- Created by: lwilson23
- Created on: 11-03-19 21:01
The State of Journalism
- the 1870 Forster Education Act had improved literacy since Crimea, papers such as The Daily Mail cost only one halfpenny - more affordable. Readership much larger.
- as a writer for The Daily Chronicle and Morning Post - Churchill often used scaremongering to inspire change in the army. He also escaped from the Boers so may have viewed them negatively.
- Edgar Wallace was strongly pro-war.
- female writers such as Lady Sarah Wilson covered Baden-Powell's exploits in Mafeking - made him a national hero.
- John Hobson argued in the anti-war paper The Manchester Guardian which argued that the war was only benefitting the rich business owners such as Cecil Rhodes - which was true.
- the variety of war correspondents and the views which they possess shows a massive difference compared to the Crimean war.
Different Papers and their Agendas
- The Daily Mail - positive pro-war
- The Times - balanced (truthful)
- Daily Chronicle - pro-war but critical of army to inspire change
- Morning Post - balanced
- The Manchester Guardian - anti-war (but was vilified due to this)
- The Daily News - anti-war/pro-Boer (set up by Lloyd George)
Shift in Reporting Attitudes
- as the embarassment of the war dragged on, the press started to become less jingoistic.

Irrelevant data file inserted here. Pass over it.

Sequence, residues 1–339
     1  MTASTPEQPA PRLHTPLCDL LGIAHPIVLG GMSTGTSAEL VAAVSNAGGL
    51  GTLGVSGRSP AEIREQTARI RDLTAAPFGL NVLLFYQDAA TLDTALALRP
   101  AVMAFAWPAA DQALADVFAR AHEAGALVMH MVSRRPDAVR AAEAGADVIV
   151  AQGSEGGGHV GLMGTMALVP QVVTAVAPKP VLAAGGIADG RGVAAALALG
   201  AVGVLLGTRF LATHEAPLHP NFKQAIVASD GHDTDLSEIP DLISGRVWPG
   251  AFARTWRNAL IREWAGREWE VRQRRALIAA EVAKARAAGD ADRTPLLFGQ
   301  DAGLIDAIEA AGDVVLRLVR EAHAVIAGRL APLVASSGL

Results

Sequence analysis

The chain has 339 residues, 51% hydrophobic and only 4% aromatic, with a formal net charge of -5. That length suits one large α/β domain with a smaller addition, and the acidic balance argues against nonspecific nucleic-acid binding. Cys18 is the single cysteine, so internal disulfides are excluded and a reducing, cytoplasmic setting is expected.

- after events such as 'Black Week' - the press understandably became very negative - changed perceptions on the Boers being primitive and backwards. 'Farmers'.
- during the guerrilla phase much war reporting stopped (lack of excitement) until Emily Hobhouse - The Manchester Guardian - revealed the horrors of the concentration camps.
- Roberts had a great relationship with the media - known as 'Bobs' back home - transparent.
- Baden-Powell was also given a good rep by the press.
- Kitchener was less loved by the press, constantly being harassed by them took its toll and he got frustrated - stating that 'they do all in their power to encourage the Boers and to dishearten our troops' - which was kind of right in some instances.
- through the anti-war paper The Daily News - David Lloyd George made great political gain.
- good news (e.g.relief of Mafeking) was celebrated in mass demonstrations - 'Mafficking'.
Short/Long Term Influence of the Press
- pamphlets and posters also influenced public opinion.
- for some reason, British troops allowed Hobhouse into the concentration camps - with her reports on the horrific conditions being reported in The Manchester Guardian. Referred to as 'that bloody woman' by Kitchener.
- sparked the Fawcett Commission (headed by Millicent Fawcett) to improve camp conditions - reporting therefore sparked change.
- cameras were more advanced than in Crimea (handheld) brought the war to life, sketch artists also.
- issues revealed by the press during the Boer war meant in future conflicts (WWI) it would be censored. Press meant that the war became a lasting stain on the British Empire.